By JECKONIA OTIENO
Lamu, Kenya: A land row between two groups in Lamu seems to have no solution in sight as both groups have taken hardline position.
The row pits people who allegedly invaded the Witu-Nyongoro Ranch and the owners is pushing the two groups to the brink of a violent conflict like the one witnessed in the neighbouring Tana River County last year.
Notably, the very communities that have been fighting in the Tana Delta over resources are pitted against each other, this time in Lamu.
The problem started when a pastor allegedly started selling-off land to unsuspecting locals who are now caught in the crossfire.
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Attempts to evict the invaders has always resulted in a conflict between the Orma and the Pokomo communities.
A ranch official says a pastor has been at the centre of all illegal allocations and cites impunity as the main reason for the continued stay by the invaders.
According to the chairperson of the group, Abdullah Ijeme, the ranch started in 1971 and currently has a total of 200 shareholders. The shareholders are from different communities – Orma, Giriama, Kikuyu, and Swahili among others.
The total area of the disputed ranch is 32,000 hectares to which the ranch owners acquired a title deed towards the end of last year.
“Before we got the title deed on October 1, last year, we had an allotment letter which showed we legally owned the ranch,” states Ijema.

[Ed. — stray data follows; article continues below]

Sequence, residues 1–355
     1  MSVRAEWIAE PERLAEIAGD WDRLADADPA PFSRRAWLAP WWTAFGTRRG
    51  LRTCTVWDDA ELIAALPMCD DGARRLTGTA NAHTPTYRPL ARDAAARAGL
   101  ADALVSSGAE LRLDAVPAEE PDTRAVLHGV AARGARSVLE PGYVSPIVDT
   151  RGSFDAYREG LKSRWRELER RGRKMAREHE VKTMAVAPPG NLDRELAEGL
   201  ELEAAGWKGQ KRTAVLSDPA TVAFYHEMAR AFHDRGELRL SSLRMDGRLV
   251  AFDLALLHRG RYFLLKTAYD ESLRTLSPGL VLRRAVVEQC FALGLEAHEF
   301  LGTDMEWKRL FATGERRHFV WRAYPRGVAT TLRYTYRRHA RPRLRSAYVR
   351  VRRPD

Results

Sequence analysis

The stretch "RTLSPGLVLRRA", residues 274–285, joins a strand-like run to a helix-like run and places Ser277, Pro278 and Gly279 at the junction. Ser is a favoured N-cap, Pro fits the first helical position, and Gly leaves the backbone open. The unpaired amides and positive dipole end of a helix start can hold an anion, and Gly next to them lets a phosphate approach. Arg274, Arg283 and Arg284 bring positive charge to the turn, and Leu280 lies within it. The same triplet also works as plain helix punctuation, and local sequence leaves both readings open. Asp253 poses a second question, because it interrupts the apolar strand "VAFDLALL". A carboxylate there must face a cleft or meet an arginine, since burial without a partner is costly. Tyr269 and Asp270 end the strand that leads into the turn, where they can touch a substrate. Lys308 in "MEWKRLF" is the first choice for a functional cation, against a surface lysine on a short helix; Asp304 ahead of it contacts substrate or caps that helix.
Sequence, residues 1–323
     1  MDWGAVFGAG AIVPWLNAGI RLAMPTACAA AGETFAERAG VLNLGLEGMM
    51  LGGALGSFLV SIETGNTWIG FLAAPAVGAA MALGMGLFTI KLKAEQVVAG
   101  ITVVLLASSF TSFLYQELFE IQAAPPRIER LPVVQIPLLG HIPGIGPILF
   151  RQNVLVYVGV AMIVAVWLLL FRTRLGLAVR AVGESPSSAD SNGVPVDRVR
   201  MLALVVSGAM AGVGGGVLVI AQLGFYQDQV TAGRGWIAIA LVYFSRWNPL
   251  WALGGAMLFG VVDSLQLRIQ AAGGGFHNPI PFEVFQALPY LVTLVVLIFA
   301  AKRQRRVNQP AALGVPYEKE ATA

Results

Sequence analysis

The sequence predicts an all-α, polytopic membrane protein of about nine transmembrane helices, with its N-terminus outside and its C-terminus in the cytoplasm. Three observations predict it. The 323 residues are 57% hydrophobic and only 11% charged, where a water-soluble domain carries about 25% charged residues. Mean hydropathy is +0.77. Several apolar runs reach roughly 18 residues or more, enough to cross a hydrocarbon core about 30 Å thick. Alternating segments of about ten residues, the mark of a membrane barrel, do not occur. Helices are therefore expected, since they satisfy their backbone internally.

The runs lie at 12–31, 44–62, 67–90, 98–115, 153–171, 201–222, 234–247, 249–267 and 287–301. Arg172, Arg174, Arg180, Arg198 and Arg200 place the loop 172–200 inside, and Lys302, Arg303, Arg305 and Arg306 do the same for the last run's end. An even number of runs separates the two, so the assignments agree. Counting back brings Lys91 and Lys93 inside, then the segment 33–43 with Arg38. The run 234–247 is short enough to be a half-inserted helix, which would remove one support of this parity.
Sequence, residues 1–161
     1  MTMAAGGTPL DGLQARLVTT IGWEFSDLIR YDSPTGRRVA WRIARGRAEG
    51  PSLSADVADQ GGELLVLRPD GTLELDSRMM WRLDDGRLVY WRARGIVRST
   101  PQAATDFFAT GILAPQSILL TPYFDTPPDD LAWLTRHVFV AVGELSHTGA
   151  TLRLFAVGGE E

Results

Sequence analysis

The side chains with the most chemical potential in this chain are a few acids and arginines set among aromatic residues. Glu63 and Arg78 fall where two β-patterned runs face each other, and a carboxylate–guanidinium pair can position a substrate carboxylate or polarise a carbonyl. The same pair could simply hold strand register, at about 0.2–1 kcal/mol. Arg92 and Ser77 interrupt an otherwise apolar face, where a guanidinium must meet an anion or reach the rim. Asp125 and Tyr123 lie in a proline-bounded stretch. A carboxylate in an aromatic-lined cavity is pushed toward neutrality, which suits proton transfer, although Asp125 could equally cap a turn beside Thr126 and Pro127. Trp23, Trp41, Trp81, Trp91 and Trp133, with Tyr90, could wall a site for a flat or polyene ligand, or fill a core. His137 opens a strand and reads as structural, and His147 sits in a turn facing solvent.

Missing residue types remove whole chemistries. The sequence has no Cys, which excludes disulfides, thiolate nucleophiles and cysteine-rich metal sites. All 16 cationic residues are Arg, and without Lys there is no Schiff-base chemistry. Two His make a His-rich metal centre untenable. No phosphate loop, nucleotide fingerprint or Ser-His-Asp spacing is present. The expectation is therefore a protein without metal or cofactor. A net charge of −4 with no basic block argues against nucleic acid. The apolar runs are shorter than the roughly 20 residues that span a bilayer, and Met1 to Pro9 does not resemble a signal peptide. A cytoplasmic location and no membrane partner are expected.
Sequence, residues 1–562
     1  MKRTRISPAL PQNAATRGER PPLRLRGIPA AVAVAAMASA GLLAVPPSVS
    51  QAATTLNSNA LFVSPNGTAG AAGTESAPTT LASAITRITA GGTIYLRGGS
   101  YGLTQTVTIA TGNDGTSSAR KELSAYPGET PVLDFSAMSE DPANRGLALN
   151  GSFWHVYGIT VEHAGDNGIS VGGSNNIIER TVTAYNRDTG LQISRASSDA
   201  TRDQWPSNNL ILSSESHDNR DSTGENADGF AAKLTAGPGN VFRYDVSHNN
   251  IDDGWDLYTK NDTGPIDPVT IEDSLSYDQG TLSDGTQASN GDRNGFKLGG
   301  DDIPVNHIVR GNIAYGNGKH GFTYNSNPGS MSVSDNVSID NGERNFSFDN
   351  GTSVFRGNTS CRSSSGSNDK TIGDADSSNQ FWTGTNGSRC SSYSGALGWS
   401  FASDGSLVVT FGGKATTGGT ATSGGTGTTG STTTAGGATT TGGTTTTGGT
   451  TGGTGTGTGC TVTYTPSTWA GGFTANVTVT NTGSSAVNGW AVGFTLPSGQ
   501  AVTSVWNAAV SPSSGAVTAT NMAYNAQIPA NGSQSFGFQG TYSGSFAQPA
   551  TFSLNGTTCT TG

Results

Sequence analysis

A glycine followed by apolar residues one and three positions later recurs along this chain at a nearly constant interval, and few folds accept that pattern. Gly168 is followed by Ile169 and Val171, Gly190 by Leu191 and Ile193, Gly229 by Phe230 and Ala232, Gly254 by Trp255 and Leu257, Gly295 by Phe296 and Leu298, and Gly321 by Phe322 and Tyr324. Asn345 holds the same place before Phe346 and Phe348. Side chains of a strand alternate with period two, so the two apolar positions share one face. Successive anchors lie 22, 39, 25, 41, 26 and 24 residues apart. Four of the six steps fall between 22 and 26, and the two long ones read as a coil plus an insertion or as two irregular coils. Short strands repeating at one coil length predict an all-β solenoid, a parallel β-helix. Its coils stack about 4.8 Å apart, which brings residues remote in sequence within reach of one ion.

According to the title deed, the land whose registration number is CR 57750 pays an annual rent of Sh474,400, which is reversible; it also has a lease period of 45 years with effect from October 1, 2012.
The title deed shown to The Standard shows the ranch is a single entity with no subdivisions just yet.
The land reference number is 29274 while the land survey number is 342406, which as noted in the title deed is deposited at the Survey Records Office in Nairobi.
The ranch owners claim that 600 people are already illegally settled on the ranch and the most affected part is the grazing corridor.
But an amorphous group known as the Kaya Smoking Group is supporting the settlers. The group, it is said, has been reported to the police but no action has been taken.
Shikolo Boru, a former area councilor says the invaders have been angling for war, which the ranch owners are not so keen about because ‘we want peace.’
But Boru warns that the tolerance cannot go on forever because at some point people’s patience will snap.